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often lead to questions about the ability of the testing laboratory to properly conduct the test. A baseline BWA for the concrete mixture (not shot) should be conducted before testing shotcrete cores. Bond strength—The bond strength of shotcrete continues to be one of shotcrete’s main attributes. Because shotcrete is physically driven into the receiving surface by the high-velocity impact of the fresh concrete particles, excellent bond is achieved. Studies focusing on the bond qualities of shotcrete have proven that highvelocity placement to a sound substrate surface with adequate roughness provides durable bond. Multiple layers—This section has been added to help inform engineers who often confuse placement of multiple layers of shotcrete with the cold joints experienced with form-and-pour concrete. Shotcrete provides excellent bond between layers due to the consolidation and densification by high-velocity impact of fresh concrete onto a properly prepared concrete substrate. Studies of bond between multiple layers of shotcrete have proven shotcrete achieves excellent bond between layers, and provides a structural section that acts as if placed monolithically. Finishing—The Guide has expanded the section on finishes. The preferred finish is still a “gun” or “natural as-shot” finish. However, to compete with form-and-pour concrete, some owners want a smooth trowel finish which, for shotcrete, requires a two- or three-step procedure. Tolerances—The tolerance section has been expanded. Because shotcrete permits a wider variety of applications and surface finishes than form-andpoured concrete, ACI 117, “Specification for Tolerances for Concrete Construction and Materials,” specifically excludes shotcrete. ACI 117 provides excellent guidance for reinforcement placement and cover. The Guide gives the shotcrete project specifier criteria for specifying tolerances. Repair—A section on shotcrete repair was added to provide commentary to the ACI 506.2-13 repair section. Sustainability—In recent years, ACI has requested that new documents address sustainability. Shotcrete shares not only concrete’s durability, but because of its unique characteristics, also enhances concrete’s sustainability. Shotcrete promotes sustainability in many ways, including but not limited to: • A repair material that extends a structure’s life; • Formwork reduction, which saves resources; • Reduction of equipment needs on a project; • Reduction of the time for construction; and • Promotes creativity due to the ease of construction of curved sections. Safety—Early in preparation of the Guide, a chapter on safety was compiled. Traditionally, however, ACI has not produced safety documents. As we were developing the Guide, the American Shotcrete Association (ASA) put together a safety document far more encompassing than what was planned for the guide so the safety chapter was discarded. Summary Shotcrete has come a long way. The new ACI 506R-16, “Guide to Shotcrete,” builds on the original 1966 ACI Standard ACI 506-66, “Recommended Practice for Shotcreting,” and has been reorganized to serve as commentary to ACI 506.2- 13, “Specification for Shotcrete.” A section, “Preconstruction testing by contractor,” was added to provide guidance of when to include and what to include preconstruction testing. Also, “Testing during construction,” which is QA/QC guidance, was expanded. The QA/QC section defines the different types of shotcrete panels for testing or evaluation. The section on admixtures has been updated. The new Guide continues to emphasize the superior bond strength shotcrete achieves and explains why multilayered shotcrete should not be considered multiple cold joints. Lastly, shotcrete enhances the sustainability properties of concrete. The new Guide, like the first guide, is a consensus document compiled by volunteers with the goal of improving the quality of shotcrete projects. The volunteers, to be sure, have differences of opinion most often driven by different experiences in different regions. Thank you to all the Guide volunteers who devoted many, many hours of their time. References Rodriquez, L., From Elephants to Swimming Pools: Carl Akeley, Samuel W. Taylor, and the Development of the Cement Gun, Canal History and Technology Press, Easton, PA, 2006, 150 pp. Lars Balck is a concrete consultant and ASA/ACI Nozzleman Examiner. He recently retired from CROM, LLC, as a Senior Vice President. He has been involved in the design and construction of prestressed concrete tanks built with shotcrete for over 40 years. He received his bachelor’s degree in civil engineering from the University of Florida and served with the U.S. Army as First Lieutenant in Vietnam as a Combat Engineer. Balck is a Past President of ASA. He is Chair of ACI Subcommittee 506-C, Shotcreting-Guide; a past Chair and current member of ACI Committee 506, Shotcreting; and member of ACI Committees 376, Concrete Structures for Refrigerated Liquefied Gas Containment; 563, Specifications for Repair of Structural Concrete in Buildings; and C660, Shotcrete Nozzleman Certification. Shotcrete • Summer 2016 19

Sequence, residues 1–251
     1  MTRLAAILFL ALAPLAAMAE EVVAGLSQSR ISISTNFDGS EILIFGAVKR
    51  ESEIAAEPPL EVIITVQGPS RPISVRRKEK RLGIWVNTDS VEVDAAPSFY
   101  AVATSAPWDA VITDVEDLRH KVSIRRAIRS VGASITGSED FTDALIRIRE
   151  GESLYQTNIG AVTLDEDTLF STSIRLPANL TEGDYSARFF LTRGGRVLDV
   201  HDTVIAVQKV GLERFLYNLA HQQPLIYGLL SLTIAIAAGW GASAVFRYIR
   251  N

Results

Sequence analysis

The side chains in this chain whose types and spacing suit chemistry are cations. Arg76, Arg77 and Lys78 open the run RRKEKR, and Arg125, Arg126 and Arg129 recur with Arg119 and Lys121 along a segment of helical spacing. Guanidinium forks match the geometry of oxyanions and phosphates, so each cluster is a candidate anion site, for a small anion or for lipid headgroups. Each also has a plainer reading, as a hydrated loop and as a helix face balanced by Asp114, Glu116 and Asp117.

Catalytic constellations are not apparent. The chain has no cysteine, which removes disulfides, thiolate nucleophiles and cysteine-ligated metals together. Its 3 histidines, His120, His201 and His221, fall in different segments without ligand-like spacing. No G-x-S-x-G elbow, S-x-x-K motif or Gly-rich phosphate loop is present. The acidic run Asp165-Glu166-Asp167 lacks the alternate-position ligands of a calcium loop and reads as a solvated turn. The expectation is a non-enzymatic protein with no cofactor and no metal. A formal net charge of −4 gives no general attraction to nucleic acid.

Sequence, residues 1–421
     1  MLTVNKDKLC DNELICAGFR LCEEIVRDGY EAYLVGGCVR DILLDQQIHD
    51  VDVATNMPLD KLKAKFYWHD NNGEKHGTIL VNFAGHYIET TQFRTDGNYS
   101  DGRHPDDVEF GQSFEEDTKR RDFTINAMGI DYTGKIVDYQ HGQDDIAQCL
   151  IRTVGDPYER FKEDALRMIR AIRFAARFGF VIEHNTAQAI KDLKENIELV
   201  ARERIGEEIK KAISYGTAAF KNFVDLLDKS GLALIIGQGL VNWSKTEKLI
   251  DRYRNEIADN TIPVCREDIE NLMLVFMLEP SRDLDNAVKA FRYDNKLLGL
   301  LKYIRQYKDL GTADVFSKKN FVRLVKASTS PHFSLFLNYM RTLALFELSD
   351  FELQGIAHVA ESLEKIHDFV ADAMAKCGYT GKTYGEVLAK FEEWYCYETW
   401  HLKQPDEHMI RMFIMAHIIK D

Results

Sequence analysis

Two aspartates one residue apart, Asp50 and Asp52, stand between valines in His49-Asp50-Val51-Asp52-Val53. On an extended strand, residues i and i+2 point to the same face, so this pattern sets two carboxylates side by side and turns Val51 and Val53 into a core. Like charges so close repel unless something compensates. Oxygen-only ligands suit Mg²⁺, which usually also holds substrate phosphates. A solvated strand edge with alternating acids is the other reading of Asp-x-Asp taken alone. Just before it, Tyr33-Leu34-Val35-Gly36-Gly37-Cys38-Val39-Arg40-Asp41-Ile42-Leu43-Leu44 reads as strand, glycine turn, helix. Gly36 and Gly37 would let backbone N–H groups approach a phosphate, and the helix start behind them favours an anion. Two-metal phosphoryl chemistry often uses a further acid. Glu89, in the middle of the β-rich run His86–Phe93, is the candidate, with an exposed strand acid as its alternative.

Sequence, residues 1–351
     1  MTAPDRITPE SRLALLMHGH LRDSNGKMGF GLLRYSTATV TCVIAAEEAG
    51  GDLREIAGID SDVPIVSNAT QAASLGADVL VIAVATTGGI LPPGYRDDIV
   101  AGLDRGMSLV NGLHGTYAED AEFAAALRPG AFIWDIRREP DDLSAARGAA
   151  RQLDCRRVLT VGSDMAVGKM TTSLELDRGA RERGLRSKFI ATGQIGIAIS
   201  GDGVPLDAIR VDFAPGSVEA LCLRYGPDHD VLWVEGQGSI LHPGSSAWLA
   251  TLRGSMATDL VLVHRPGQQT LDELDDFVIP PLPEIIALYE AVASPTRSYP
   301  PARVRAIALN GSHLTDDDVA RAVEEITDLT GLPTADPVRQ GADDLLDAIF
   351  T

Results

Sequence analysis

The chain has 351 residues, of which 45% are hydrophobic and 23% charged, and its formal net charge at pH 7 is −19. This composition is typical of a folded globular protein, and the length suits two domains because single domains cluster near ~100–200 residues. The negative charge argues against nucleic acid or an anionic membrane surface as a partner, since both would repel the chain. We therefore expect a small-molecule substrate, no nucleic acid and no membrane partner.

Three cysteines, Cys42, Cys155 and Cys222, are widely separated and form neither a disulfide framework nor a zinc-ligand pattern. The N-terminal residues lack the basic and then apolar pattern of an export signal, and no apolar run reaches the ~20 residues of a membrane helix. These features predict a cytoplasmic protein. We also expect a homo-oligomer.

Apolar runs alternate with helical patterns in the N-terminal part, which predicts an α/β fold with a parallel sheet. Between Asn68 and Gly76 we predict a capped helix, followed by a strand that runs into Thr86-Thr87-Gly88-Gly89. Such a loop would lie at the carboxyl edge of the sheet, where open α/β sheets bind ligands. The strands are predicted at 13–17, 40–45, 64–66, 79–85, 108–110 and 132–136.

2016SummerShotcreteEMag
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